Wondering what this looks like in practice and how you actually track where customers are in each stage of marketing funnels? With free tools such as Google Analytics, you can trace where your website traffic is coming from, and which pages users most commonly move through to get to your checkout cart.

Here’s a quick summary of the easiest ways to keep track of marketing funnels:

1. Google Analytics Behavior Flow

Image result for behavior flow google analytics ecommerce

Remember the vertical funnel graphic above? Imagine it flipped to the side. On the left side, you have the sources of all traffic from search, social media, or email campaigns. This dashboard shows you which pages users visit from the Awareness stage, and which pages they visit next. In contrast, the red flows indicate how many people drop off or leave your website at that particular page.

Behavior flow helps you understand what paths users are taking to your website and where users are dropping off. From this, you can determine if there are opportunities to improving the user journey. Similarly, it can also help you identify popular paths that you could use to leverage more traffic to other pages.

2. Google Analytics Goal Flow

Google Analytics consultants

Like behavior flow, Google Analytic’s goal flow dashboard allows you to identify “nodes”. Each node represents one of each of your funnel steps for your goal, while the final node represents the goal.

By observing the flow, you can see the percentage of people who dropped out of each stage of the funnel at that point. As a result, you can better understand which pages of your website in the funnel might need improving.

3. Google Analytics Funnel Visualization

Image result for google analytics goal funnel

This is another way to analyze the goals mentioned above in “Goal Flow”. This dashboard shows the exact figures of people in each stage of the funnel who dropped out or proceeded to the next stage. Displayed vertically, this dashboard presents your data in a way that is more intuitive and aligned to the funnel analogy.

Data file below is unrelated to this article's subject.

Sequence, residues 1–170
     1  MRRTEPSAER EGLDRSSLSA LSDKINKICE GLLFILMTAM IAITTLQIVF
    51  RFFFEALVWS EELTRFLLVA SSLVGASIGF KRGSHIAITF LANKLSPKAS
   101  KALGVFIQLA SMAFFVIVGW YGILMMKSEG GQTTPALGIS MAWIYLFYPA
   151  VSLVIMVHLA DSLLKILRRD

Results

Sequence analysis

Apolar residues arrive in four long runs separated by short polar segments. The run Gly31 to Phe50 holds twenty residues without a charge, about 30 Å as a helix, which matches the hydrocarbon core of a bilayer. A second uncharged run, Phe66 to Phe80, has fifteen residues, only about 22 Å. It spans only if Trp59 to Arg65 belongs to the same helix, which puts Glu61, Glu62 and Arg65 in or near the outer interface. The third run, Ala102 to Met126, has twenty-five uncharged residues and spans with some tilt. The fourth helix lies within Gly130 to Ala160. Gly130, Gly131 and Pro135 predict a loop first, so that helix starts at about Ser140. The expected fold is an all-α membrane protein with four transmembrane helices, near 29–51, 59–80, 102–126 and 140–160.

4. Facebook Analytics FunnelImage result for facebook analytics funnel

As with Google Analytics, Facebook Analytics allows you to create simple or complex marketing funnels based on defined goals. These marketing funnels allow you to track user behavior and actions across a sequence of steps.

To sum up marketing funnels…

If you are just beginning your journey with marketing funnels, Google Analytics and Facebook Analytics are good tools to start with.

You can get even more sophisticated with marketing funnels using:

  • Customized landing pages
  • CRM funnel tools
  • Automated emails

If it seems daunting at first, don’t fret! It takes time and experimentation to be able to think in terms of conversions and marketing funnels. Many small and medium businesses still look at each of their digital channels in isolation and wonder why they don’t see results. In order to see better conversions and more sales, it is crucial to be able to integrate the steps into a cohesive flow.

We hope this post has helped shed some light on this often complex and confusing process. With some discipline and time, you’ll be comfortable with using marketing funnels on a daily basis!